CAPE TOWN, June 14 (Xinhua) -- South Africa's Parliament on Thursday invited the public to influence discussions on the controversial National Minimum Wage (NMW) Bill and related legislation.
The National Assembly, the lower house of Parliament, has approved the bill, which is now going to the National Council of Provinces (NCOP), or upper house of Parliament, for approval.
All South Africans should make use of the opportunity to influence discussions on the NMW Bill and related legislation, the NOCP's Select Committee on Economic and Business Development said.
"The National Minimum Wage Bill will have a long-lasting impact on the lives of the poor," Committee Chairperson Mandla Rayi said.
With the NMW Bill, the current administration is seeking to protect those vulnerable workers whose suffering is not remunerated fairly in the workplace, said Rayi.
Issues around the introduction of a national minimum wage have been under consideration since an announcement was made during the 2014 State of the Nation Address by the then president Jacob Zuma. Parliament had since set in motion the legislative processes to see the realization of a national minimum wage.
The other pieces of legislation under consideration by the committee are the Labor Laws Amendment Bill, the Basic Conditions of Employment Amendment Bill and the Labor Relations Amendment Bill.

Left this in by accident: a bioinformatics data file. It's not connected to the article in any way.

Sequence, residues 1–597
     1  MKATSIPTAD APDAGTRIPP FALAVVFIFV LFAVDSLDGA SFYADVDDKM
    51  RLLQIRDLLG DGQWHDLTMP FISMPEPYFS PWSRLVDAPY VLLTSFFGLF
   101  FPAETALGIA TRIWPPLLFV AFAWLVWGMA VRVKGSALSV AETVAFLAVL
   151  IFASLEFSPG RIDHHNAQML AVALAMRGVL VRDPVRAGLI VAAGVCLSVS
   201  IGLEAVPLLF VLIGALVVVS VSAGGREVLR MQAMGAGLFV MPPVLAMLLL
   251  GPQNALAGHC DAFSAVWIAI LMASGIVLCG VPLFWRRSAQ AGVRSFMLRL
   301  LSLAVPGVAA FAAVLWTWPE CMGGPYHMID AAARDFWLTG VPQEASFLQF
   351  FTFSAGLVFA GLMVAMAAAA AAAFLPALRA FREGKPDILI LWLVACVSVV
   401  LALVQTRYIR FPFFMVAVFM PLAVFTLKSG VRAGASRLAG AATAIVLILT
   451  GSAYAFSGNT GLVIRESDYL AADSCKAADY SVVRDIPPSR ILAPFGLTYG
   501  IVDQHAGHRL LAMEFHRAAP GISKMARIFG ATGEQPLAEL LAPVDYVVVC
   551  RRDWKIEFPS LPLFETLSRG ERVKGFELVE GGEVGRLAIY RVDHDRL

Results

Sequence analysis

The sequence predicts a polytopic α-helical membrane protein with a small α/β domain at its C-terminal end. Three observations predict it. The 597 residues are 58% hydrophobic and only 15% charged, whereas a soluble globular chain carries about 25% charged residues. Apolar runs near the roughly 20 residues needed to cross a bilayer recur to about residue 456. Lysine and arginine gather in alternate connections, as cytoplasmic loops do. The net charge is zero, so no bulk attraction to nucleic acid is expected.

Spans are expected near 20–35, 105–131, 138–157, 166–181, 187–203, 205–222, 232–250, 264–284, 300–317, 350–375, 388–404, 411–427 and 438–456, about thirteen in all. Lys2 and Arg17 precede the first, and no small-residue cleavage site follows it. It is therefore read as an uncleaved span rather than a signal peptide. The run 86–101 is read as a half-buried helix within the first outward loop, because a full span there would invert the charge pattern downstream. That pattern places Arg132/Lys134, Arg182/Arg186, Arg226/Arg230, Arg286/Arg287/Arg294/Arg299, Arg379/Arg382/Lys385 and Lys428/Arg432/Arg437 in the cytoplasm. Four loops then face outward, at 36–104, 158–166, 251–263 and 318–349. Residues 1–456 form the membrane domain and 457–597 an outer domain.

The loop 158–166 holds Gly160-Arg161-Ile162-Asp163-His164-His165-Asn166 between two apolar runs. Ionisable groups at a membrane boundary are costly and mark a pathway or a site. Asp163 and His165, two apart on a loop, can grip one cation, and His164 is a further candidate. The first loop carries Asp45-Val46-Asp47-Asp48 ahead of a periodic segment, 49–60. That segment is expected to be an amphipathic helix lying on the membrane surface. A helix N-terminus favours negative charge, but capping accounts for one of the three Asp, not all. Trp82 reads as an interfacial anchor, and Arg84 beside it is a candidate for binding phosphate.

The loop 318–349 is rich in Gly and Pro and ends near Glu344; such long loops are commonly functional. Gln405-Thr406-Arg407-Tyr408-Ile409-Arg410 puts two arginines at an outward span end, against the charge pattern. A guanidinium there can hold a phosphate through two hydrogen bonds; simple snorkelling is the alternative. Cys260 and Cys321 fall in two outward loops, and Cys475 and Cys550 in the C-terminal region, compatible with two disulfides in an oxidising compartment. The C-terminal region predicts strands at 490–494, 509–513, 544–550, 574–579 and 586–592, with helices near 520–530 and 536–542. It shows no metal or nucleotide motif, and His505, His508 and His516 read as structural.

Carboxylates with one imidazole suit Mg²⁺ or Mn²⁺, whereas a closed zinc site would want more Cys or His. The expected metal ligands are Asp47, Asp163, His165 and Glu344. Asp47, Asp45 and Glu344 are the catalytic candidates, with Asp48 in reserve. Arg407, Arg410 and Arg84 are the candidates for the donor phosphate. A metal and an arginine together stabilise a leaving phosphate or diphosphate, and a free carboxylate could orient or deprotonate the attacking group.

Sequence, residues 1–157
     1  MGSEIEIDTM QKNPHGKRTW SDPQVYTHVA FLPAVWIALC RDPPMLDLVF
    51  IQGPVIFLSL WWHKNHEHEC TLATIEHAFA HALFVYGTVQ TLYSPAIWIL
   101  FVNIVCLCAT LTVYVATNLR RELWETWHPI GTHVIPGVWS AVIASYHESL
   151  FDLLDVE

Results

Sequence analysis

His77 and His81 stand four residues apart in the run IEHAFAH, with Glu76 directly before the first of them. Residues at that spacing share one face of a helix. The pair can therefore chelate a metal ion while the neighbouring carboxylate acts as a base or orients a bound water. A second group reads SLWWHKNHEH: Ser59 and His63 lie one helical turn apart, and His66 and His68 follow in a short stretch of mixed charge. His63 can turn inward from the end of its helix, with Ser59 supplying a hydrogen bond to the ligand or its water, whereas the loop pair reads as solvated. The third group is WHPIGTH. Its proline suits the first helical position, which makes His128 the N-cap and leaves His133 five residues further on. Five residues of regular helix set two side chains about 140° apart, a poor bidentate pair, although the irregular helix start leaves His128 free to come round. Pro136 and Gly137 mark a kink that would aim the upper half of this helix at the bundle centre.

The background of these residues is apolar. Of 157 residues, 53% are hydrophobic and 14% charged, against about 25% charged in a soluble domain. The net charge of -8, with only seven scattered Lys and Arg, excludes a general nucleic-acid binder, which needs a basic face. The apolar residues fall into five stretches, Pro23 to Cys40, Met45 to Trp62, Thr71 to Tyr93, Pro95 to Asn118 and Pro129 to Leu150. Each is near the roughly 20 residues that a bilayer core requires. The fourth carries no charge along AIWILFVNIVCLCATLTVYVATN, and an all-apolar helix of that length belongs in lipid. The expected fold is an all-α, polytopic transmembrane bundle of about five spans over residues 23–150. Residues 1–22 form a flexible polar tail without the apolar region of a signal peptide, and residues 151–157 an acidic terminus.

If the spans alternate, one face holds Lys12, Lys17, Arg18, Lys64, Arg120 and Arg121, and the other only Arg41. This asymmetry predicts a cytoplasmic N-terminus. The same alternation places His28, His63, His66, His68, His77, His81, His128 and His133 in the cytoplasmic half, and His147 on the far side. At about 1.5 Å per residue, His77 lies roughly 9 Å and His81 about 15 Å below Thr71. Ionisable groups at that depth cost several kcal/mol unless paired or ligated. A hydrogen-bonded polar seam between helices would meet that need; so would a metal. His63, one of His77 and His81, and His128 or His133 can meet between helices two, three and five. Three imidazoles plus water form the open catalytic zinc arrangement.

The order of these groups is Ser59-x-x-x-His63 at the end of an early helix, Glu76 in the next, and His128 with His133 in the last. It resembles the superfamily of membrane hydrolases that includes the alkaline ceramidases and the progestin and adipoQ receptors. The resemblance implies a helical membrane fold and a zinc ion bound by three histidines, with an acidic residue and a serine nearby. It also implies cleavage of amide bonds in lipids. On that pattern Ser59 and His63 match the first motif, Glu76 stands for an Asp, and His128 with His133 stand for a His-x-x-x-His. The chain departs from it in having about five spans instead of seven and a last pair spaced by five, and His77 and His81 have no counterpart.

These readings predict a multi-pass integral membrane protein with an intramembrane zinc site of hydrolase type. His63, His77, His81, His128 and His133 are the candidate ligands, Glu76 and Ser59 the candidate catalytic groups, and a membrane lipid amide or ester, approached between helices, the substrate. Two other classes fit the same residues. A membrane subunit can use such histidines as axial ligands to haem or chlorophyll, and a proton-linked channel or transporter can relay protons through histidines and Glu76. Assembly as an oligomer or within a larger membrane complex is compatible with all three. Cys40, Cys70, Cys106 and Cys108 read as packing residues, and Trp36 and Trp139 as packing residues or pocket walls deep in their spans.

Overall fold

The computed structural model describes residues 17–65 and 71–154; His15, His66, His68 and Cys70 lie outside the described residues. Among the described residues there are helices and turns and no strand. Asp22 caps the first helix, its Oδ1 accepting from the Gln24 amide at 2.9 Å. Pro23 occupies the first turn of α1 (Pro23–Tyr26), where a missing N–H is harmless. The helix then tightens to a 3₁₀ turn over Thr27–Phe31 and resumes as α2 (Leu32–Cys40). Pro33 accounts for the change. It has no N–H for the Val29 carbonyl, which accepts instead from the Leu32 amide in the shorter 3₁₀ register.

The committee will hold public hearings on June 19.
The South African government is pushing the NMW, which sets 3,500 rand (about 269 U.S. dollars) per month or 20 rand per hour for over 6 million working people.
But opponents say the working class can not make both ends meet with the meager NMW requirements.
Trade unions have lambasted the NMW as "slavery wage." In May, massive protests against the NMW took place across the country, and trade unions have threatened to stage more protests if the NMW is not raised to "living wage."
The government insists that the NMW was informed by the real world considerations and not some idealistic desires.
The NMW Bill, once approved by the NOCP, will go to the president who will sign it into law.